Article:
National Assembly for Wales

Enterprise and Business Committee

Employment opportunities for older people

Evidence from Wrexham County Borough Council – EOP 06


National Assembly for Wales – Employment Opportunities for Older People


An event was held in late December 2014 in Wrexham town centre to capture responses from people with an interest in the topic area. The event was attended by representatives from Wrexham County Borough Council’s Adult Social Care, Community Development and Communities First teams, AVOW (local County Voluntary Council), Over 50s Forum, Job Centre Plus, Careers Wales, Caia Park Partnership (local social enterprise supporting employment) and Age Connects. The views of older job-seekers were also noted on the day. Due to constraints of time was not possible to consider all aspects of the Inquiry equally but the main responses are provided below against the topic area identified in the briefing document.


The barriers that face older people trying to re-enter the labour market


1.    Numerous barriers were identified; access to appropriate transport was the most common issue raised along with lack of appropriate skills (i.e. IT). There was also significant focus on the emotional, mental and physical health needs of the other population and caring responsibilities (for both older and younger relatives) and how access and availability to support services have been affected by cuts. Modern recruitment practice was identified as a barrier along with the interface with benefits and sanctions to those benefits. 


The extent of age-discrimination and its impact on the recruitment of older people


2.    The very fact that 50 yrs of age is considered as old was cited as an immediate problem and is reinforced by the kind of stock images used in documents like the Strategy for Older People. Employers still ask for age on applications leading to potential for assumptions to be made about health. Incentives for younger age groups make employing older people more costly and this is perhaps reflected in agency work opportunities.


Whether there are any disadvantages to older people re-entering the labour market


3.    Poor health was the most common response followed by lack of skills requiring re-training and therefore incurring costs.


The effectiveness of the Welsh Government’s Strategy for Older People in Wales 2013-23 in assisting older people into work


4.    There was little knowledge of the Strategy amongst those in attendance and when provided with a copy most discussion focused on the language an images within, which it was felt reinforced certain stereotypes. There was agreement that there was an effort to break down barriers but work needed to be more collaborative and there was a workforce development issue in terms of those people working to support older job-seekers.


The support that is most effective for older people trying to re-enter the labour market (particularly programmes and projects).


5.    Mentoring was seen as a key level of support to negotiate attitudes and maximise life skills, experience and work ethics held by older job-seekers. The availability of good quality information was also seen as important particularly around issues such as caring and benefits and their implications. General employability support (interview skills, CVs, application forms, etc.) was seen as important but it needs to be delivered by people in tune with the needs of older job-seekers.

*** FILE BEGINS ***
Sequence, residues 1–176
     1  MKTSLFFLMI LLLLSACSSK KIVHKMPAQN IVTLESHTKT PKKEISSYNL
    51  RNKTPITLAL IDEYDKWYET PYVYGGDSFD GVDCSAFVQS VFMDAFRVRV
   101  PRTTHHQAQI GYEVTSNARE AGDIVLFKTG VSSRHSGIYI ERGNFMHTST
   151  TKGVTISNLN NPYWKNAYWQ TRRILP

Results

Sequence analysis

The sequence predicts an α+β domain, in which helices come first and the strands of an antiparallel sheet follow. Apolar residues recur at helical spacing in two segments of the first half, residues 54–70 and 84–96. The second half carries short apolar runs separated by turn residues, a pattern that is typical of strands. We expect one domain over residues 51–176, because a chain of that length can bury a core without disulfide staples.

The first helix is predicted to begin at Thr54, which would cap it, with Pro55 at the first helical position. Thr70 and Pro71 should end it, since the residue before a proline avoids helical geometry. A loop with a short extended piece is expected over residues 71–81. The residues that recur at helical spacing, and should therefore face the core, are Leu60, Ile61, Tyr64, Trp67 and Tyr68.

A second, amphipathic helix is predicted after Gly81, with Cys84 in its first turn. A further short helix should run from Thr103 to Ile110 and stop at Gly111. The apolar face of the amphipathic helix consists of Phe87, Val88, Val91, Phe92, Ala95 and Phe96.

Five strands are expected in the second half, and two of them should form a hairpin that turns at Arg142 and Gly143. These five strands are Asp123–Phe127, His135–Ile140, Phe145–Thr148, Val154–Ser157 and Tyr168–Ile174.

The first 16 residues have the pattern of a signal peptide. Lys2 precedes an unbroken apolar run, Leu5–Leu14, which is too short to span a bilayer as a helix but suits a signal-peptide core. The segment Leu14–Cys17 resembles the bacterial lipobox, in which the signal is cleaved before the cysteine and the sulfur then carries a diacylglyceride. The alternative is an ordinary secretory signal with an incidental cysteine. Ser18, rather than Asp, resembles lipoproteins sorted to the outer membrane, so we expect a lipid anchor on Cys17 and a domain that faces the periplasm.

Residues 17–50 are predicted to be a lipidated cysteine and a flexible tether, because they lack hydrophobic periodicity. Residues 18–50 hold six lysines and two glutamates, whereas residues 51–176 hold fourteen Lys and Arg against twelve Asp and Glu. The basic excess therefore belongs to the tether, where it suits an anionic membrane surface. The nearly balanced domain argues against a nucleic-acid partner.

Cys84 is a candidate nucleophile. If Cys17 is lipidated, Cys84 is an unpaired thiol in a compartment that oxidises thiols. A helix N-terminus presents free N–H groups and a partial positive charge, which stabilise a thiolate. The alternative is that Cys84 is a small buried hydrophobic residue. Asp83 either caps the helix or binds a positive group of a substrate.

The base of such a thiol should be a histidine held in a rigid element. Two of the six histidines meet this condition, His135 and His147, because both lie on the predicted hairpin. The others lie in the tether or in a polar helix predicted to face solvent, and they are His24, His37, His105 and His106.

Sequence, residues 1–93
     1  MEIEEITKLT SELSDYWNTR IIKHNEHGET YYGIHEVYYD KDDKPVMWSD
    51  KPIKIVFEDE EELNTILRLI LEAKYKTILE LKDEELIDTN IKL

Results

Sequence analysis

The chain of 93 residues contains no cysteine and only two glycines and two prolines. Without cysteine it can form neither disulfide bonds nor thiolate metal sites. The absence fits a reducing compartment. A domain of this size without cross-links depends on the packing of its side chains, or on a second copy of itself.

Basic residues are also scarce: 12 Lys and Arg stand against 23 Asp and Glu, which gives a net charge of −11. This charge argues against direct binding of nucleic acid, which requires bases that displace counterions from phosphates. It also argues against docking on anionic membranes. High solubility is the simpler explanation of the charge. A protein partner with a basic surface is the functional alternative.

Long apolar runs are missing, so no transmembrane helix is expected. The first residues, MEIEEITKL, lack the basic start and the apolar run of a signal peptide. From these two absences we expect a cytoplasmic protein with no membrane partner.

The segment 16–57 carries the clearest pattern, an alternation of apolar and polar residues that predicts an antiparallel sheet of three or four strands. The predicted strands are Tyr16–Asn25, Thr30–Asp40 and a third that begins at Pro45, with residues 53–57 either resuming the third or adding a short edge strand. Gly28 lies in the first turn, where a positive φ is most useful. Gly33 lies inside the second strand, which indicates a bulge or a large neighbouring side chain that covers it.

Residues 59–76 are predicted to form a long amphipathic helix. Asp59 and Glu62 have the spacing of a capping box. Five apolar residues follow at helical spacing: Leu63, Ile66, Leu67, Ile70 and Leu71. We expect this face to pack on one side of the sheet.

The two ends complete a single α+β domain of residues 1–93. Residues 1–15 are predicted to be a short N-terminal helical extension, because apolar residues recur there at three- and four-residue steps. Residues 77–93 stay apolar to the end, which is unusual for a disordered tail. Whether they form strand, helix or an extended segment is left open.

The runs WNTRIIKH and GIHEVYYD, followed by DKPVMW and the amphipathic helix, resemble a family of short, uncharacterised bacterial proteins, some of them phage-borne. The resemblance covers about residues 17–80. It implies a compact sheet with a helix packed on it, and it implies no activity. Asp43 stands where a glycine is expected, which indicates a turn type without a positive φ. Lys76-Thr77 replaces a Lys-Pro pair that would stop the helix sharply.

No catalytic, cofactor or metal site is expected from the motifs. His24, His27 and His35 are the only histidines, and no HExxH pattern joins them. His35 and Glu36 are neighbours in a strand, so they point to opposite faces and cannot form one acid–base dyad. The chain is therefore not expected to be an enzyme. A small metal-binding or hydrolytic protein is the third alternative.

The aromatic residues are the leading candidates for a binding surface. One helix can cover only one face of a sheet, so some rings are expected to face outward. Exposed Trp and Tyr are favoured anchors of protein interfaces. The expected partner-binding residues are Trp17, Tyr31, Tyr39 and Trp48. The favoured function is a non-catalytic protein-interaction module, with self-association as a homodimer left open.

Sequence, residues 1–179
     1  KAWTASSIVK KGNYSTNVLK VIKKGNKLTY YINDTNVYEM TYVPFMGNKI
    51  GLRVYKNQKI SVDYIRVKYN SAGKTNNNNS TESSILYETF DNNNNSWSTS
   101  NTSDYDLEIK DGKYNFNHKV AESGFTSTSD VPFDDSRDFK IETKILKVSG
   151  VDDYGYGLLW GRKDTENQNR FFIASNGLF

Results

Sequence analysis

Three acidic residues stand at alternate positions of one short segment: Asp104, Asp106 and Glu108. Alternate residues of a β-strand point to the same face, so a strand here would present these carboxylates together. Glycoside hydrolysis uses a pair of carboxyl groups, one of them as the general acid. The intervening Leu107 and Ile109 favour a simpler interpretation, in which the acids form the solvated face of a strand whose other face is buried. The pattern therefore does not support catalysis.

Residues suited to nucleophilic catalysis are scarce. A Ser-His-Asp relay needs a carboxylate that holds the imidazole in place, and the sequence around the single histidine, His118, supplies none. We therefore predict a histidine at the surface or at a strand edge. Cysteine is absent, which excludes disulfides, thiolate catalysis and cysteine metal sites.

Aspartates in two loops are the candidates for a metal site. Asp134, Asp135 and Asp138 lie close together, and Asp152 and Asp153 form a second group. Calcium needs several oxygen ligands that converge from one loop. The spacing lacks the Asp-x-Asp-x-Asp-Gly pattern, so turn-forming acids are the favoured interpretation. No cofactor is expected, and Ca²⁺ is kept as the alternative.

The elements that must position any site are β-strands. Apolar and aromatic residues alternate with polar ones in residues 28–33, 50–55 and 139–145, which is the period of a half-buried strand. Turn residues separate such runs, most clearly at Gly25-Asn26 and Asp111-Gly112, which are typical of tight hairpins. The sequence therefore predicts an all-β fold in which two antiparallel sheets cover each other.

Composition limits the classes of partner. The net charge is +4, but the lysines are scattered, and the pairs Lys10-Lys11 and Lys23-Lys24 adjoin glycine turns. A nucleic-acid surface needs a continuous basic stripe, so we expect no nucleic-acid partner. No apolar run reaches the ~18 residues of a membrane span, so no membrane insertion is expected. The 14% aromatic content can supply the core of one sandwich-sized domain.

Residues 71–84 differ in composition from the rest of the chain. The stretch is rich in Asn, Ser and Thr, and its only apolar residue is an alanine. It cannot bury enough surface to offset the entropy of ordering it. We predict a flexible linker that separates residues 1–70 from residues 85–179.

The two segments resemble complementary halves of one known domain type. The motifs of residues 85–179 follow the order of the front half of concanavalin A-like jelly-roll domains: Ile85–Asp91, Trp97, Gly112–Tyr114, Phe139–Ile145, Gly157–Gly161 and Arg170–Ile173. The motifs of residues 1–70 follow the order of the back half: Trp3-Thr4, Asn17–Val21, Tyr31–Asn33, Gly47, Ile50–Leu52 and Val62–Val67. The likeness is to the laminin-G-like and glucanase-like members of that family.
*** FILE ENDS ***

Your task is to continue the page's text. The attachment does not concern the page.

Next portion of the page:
The availability and suitability of local job opportunities


6.    Local job opportunities were perceived to target younger audiences, with apprenticeships and incentivised schemes such as Jobs Growth Wales skewing employers towards younger job-seekers.


Transport difficulties, including availability and cost (especially in rural areas)


7.    Past and future cuts or removal of subsidies was a concern particularly in Wrexham, which has fairly centralised centres of employment servicing diverse and dispersed communities. Free / reduced travel schemes start at 60yrs but we are talking about older job-seekers being 50+ so there is little support for people travelling to seek / secure / maintain work.


Lack of confidence (for example, following redundancy)


8.    Previous experience of redundancy, which for some might be more than on occasion. The employment history of Wrexham is very industrial / manufacturing so older generations cannot adapt to changing markets and are discouraged. Support was seen to be limited and perceptions about age and how it would be received often prevented progress (rather than direct discrimination)


Other points raised


9.    There was perceived to be a lack of understanding about the complexities of caring responsibilities, which could be for older or younger relatives, or indeed both. Layering in issues around health and disabilities and the impact on benefits caused more concern and a feeling that this lack of understanding affected the availability to good quality support.


10.The audience did not consider there to be direct competition between older and younger job-seekers for the same jobs but that the market itself was possibly not offering appropriate opportunities.


11.The audience did not feel that older people affected the availability of jobs / progression for younger workers as much as the migrant workforce might be doing.


12.Areas of high unemployment are based on Job Seekers Allowance Claimants. For older people ESA and other measures may be more appropriate to identify a focus. It is noted that as times change people need to work beyond ages at which JSA is not applicable.


13. European Funding was seen to be focused on younger people and possibly missing a trick in providing more support to employers to harness the skills, experience and work ethic of older job-seekers.